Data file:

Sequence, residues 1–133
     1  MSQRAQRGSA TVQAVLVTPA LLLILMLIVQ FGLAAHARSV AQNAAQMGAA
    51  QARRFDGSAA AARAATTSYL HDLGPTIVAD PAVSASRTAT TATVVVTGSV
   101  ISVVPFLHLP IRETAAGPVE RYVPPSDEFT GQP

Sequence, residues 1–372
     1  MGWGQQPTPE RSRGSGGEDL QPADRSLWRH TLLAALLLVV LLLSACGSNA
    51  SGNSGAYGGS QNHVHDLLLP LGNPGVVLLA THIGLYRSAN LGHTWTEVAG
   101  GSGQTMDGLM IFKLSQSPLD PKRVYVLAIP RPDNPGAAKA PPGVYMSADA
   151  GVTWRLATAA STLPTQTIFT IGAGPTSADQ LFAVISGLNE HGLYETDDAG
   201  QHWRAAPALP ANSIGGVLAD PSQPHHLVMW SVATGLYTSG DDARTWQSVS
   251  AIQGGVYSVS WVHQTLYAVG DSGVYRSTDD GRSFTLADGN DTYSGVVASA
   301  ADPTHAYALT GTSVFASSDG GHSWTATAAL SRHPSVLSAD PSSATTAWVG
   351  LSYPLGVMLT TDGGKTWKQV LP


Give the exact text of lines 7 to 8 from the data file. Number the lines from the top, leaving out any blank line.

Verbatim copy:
    51  SGNSGAYGGS QNHVHDLLLP LGNPGVVLLA THIGLYRSAN LGHTWTEVAG
   101  GSGQTMDGLM IFKLSQSPLD PKRVYVLAIP RPDNPGAAKA PPGVYMSADA